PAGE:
This is the third Elizabeth Chadwick book I’ve read, and I just love her work. The other two I’ve read relate to this one and are well worth reading if you enjoy historical fiction. The first, Lady of the English, is the story of Henry II’s mother, the Empress Matilda, who fought all her life for the English crown. The second is the first book in this series about Eleanor of Aquitaine: The Summer Queen. This book, The Winter Crown, is book two in the “Eleanor of Aquitaine” series.
THE PLOT: This book picks up right after the end of The Summer Queen. After her horrible marriage to Louis VII of France, Eleanor (called Alienor in these books) dares to think she might be happy. She and her new husband, Henry, have been declared King and Queen of England, and their family is quickly expanding. Alienor is enjoying the power and passion she shares with Henry, but she’s concerned that he might just see her as a brood mare, the vessel by which he’ll gain plenty of heirs. After all, if he keeps her pregnant and recovering, she’ll be less able to rule her own duchy and he’ll have even more power. By the time Alienor gives birth to her last child, John, Henry is moving on from various mistresses to just one: the teenage Rosamund de Clifford.
Henry is proud of their many children, but as they grow toward adulthood, he’s reluctant to allow them any real power. He has their son Harry crowned king alongside him, but won’t give him any responsibilities. Second son Richard is the heir to Aquitaine, but with some underhanded maneuvering, Henry makes it appear that Aquitaine is a vassal of England. The daughters are sent away to other countries as alliance brides way too soon for Alienor. What once was a promising, passionate marriage falls apart, and an angry Alienor gives up calming her sons’ anger against their father. When all-out rebellion breaks out, Henry blames Alienor.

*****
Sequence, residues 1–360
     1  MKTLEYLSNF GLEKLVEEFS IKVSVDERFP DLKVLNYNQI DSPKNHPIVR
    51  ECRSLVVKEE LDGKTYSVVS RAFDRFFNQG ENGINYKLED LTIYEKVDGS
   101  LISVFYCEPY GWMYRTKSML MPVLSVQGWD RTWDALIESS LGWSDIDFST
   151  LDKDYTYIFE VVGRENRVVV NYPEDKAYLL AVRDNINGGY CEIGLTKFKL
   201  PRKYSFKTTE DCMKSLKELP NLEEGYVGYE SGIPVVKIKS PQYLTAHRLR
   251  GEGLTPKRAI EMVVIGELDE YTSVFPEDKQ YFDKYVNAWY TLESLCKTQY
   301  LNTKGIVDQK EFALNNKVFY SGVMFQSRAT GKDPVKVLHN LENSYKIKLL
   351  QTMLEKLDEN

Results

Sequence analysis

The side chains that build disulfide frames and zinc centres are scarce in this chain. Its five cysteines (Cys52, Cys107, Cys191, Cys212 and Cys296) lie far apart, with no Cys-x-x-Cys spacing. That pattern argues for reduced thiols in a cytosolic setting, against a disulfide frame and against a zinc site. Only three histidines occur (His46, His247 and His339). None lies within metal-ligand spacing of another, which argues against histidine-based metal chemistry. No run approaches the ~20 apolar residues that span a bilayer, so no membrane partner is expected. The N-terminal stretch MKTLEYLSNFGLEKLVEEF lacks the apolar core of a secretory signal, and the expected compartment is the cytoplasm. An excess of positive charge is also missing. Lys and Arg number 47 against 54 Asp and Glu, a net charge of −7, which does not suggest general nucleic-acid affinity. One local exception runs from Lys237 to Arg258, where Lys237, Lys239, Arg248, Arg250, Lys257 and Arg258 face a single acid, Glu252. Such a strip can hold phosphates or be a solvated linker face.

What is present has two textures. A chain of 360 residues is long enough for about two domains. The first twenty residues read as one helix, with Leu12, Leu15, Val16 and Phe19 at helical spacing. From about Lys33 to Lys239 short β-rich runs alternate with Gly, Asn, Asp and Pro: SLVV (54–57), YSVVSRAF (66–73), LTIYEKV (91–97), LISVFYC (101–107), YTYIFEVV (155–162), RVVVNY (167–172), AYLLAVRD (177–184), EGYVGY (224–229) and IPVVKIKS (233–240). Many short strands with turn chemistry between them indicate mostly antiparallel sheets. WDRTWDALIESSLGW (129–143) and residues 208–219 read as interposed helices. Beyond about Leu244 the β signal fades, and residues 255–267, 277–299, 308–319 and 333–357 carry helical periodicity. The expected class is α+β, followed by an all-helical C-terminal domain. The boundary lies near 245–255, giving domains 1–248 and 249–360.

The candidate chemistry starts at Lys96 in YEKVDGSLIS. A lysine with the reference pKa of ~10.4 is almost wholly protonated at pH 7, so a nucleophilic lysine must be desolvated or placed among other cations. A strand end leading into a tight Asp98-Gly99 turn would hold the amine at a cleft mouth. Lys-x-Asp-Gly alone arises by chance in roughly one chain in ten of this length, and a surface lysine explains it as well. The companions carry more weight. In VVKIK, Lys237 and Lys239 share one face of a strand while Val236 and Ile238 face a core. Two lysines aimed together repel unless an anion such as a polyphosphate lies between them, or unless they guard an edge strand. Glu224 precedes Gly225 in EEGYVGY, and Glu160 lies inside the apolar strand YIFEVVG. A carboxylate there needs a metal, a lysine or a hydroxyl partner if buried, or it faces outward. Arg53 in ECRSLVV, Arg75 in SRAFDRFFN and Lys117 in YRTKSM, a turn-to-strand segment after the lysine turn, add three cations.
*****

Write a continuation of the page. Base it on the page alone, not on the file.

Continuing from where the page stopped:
MY TWO CENTS: What I enjoy most about Chadwick’s work is how natural it feels, how you sink into this world of almost 1,000 years ago and feel as though you’re really in it. It never strikes a false note for me. I never feel as though I’m reading something modern masquerading as historical. Chadwick does a great job filling in day-to-day details of life in the 1100s and making them seem authentic.
Alienor is written as a very human character. She doesn’t adore her mother-in-law, Matilda, but she’s perfectly willing to use her as an ally. She loves her children, but mourns the lack of relationship of the abandoned daughters she had with Louis. She admits that Richard is her favorite, but she also scolds his hot-headedness and lack of self-discipline. She doesn’t love Henry, but she wants a pleasant marriage with him…right up until she’s had enough.
We also see Henry’s transition from ambitious young man to overbearing tyrant. He always wanted everything his own way, but as time goes on, he just gets more and more ruthless. If you know anything about Henry and Eleanor, you know how their relationship ends. It’s to Chadwick’s credit that the reader keeps hoping that history will somehow change and Eleanor will get a happy ending.
BOTTOM LINE: If you already enjoy Chadwick’s work, you’ll love The Winter Crown. If you’ve never tried Chadwick before but love historical fiction, I recommend starting with The Summer Queen and then going on to this. Then, while you wait for the release of Book 3, The Autumn Crown, read Lady of the English. I’m heading on to her William Marshal novels.
TEACUP RATING: Five out of five teacups. Chadwick has become an auto-buy for me and this doesn’t disappoint.
ON SALE DATE: Available in the US on September 1, 2015, in paperback and eformats. Already available in the UK.
Note: Review is based on an ARC provided by the publisher via Netgalley in exchange for an honest review.